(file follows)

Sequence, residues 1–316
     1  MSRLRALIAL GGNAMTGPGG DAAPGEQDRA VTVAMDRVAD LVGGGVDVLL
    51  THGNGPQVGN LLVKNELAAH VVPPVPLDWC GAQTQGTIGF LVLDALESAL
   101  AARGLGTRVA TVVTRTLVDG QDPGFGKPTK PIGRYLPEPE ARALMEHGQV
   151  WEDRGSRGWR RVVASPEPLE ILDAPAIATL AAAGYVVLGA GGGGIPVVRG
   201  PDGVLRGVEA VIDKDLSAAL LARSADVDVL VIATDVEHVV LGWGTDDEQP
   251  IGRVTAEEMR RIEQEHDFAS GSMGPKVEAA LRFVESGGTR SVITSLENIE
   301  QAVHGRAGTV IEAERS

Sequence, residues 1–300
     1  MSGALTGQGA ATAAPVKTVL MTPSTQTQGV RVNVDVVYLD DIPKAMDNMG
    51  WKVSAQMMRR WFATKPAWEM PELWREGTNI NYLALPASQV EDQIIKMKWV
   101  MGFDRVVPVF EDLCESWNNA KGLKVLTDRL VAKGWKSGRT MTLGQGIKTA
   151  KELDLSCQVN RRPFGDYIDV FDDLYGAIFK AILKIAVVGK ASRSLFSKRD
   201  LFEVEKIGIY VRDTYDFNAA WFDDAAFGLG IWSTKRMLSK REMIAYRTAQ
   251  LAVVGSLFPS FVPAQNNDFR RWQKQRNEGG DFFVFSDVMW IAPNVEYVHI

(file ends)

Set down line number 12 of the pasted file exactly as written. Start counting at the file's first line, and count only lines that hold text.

   101  MGFDRVVPVF EDLCESWNNA KGLKVLTDRL VAKGWKSGRT MTLGQGIKTA